The Accountable Care Organization (ACO) Investment Model (AIM) saved the Centers for Medicare & Medicaid Services (CMS) more than $48M in its first year while promoting improved health care in rural and underserved areas, according to a new study from Abt Associates.
The new study reveals that after accounting for the $82.4 million provided to ACOs, AIM reduced CMS expenditures by $48.6 million. Decreases in the number of hospitalizations and use of institutional post-acute care contributed to the observed reduction in overall spending. The new findings were published online in the New England Journal of Medicine.
ACO Investment Model Overview
The ACO Investment Model is an initiative developed by the Center for Medicare & Medicaid Innovation (Innovation Center) for organizations participating as ACOs in the Medicare Shared Savings Program (Shared Savings Program). The goal of the Shared Savings Program is for clinicians to deliver high-quality care to the patients who most often visit them while avoiding unnecessary spending.
The ACO Investment Model is a new model of pre-paid shared savings that builds on experience with the Advance Payment Model to encourage new ACOs to form in rural and underserved areas and current Medicare Shared Savings Program ACOs to transition to arrangements with greater financial risk.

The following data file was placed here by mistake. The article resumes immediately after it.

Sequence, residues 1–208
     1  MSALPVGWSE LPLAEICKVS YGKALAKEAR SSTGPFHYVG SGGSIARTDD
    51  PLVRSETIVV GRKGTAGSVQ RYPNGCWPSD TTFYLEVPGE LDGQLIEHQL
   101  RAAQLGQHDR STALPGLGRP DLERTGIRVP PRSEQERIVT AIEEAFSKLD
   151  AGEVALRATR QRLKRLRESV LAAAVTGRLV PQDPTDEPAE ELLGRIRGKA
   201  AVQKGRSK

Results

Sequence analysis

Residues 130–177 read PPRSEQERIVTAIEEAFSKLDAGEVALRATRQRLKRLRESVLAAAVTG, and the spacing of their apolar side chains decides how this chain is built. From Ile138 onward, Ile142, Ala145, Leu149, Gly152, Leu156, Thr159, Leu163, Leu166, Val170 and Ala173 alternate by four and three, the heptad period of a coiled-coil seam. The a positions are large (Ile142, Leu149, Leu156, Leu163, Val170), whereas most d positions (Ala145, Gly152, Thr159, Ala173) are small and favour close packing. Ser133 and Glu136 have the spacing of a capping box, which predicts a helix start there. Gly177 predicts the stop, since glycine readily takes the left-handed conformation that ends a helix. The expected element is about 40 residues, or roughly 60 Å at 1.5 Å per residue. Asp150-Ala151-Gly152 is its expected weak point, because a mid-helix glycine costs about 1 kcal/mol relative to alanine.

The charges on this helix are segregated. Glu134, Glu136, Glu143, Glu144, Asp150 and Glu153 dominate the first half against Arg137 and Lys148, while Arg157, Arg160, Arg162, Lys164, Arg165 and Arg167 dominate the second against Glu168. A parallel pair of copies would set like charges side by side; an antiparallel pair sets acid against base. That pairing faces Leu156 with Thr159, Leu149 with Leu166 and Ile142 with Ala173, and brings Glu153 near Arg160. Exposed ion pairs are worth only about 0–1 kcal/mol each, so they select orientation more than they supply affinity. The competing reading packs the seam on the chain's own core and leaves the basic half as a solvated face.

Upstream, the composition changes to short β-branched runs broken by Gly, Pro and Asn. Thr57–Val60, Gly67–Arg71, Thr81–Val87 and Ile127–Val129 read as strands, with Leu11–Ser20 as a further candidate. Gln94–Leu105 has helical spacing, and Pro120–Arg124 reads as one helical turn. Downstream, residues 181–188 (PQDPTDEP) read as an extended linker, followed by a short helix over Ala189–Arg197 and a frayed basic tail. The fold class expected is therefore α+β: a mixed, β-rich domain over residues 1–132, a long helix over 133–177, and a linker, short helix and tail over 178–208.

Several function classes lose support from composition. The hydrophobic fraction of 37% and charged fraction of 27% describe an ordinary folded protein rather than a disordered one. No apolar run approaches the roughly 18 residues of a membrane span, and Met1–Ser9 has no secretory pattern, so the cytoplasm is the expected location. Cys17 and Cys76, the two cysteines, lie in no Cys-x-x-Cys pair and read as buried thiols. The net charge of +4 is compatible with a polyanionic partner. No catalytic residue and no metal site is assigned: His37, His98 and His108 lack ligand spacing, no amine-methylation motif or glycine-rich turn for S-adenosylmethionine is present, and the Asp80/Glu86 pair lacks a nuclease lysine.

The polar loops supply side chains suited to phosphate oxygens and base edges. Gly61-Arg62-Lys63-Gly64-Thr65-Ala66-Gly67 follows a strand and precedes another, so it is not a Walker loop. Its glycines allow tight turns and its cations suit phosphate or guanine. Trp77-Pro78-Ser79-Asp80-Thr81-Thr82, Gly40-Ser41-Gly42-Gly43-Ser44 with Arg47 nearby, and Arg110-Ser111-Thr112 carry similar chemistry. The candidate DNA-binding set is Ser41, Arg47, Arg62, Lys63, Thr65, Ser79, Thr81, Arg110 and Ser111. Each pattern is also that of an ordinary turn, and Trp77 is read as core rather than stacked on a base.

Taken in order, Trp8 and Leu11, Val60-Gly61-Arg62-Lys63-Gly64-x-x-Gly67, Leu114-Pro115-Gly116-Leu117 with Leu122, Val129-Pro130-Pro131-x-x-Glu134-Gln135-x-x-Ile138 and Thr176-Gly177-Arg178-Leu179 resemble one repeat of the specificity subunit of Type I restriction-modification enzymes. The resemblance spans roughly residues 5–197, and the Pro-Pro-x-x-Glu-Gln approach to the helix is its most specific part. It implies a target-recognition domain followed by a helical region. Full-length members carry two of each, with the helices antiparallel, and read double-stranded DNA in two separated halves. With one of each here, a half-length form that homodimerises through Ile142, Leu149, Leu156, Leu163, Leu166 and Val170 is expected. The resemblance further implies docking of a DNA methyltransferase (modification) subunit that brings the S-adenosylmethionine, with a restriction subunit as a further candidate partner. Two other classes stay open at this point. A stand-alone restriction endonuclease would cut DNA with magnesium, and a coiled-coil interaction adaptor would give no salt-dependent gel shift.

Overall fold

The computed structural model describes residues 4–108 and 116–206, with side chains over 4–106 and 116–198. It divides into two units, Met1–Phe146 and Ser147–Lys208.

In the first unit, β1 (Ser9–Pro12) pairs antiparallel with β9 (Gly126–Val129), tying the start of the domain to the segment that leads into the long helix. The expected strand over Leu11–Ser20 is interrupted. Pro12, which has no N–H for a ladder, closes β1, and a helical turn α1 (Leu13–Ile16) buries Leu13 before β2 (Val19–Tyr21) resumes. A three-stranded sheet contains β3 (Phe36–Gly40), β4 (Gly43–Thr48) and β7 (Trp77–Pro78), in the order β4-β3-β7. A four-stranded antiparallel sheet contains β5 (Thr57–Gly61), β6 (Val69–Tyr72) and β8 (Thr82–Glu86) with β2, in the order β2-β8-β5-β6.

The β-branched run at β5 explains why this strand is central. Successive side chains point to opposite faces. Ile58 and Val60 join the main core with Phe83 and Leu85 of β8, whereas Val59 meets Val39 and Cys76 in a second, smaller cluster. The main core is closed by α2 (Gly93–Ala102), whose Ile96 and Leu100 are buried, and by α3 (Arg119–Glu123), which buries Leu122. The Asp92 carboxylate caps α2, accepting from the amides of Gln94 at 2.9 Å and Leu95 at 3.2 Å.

How The ACO Investment Model Works
Under AIM, up-front and ongoing payments to ACOs enabled them to overcome those initial operational barriers. CMS recoups the payments from the ACOs’ subsequent savings. ACOs also receive bonuses from CMS if their savings exceed the payments they’ve received from CMS and their quality of care is robust.
As part of the study, Abt analyzed Medicare claims and enrollment data for beneficiaries attributed to 41 AIM ACOs in their first performance year. These data were compared to data for similar beneficiaries who resided in the ACOs’ markets but were served by non-ACO providers. The research finds AIM was associated with a $131 million reduction in aggregate Medicare spending. Through up-front and ongoing payments, CMS invested $76.2 million in ACOs and paid an additional $6.2 million in bonuses.
“With health care and related costs being a concern for most Americans,” said Abt principal associate and study coauthor Betty Fout, “it was encouraging to see evidence that confirmed investments from CMS enabled providers in rural and underserved areas to improve their ability to provide care while reducing Medicare spending.”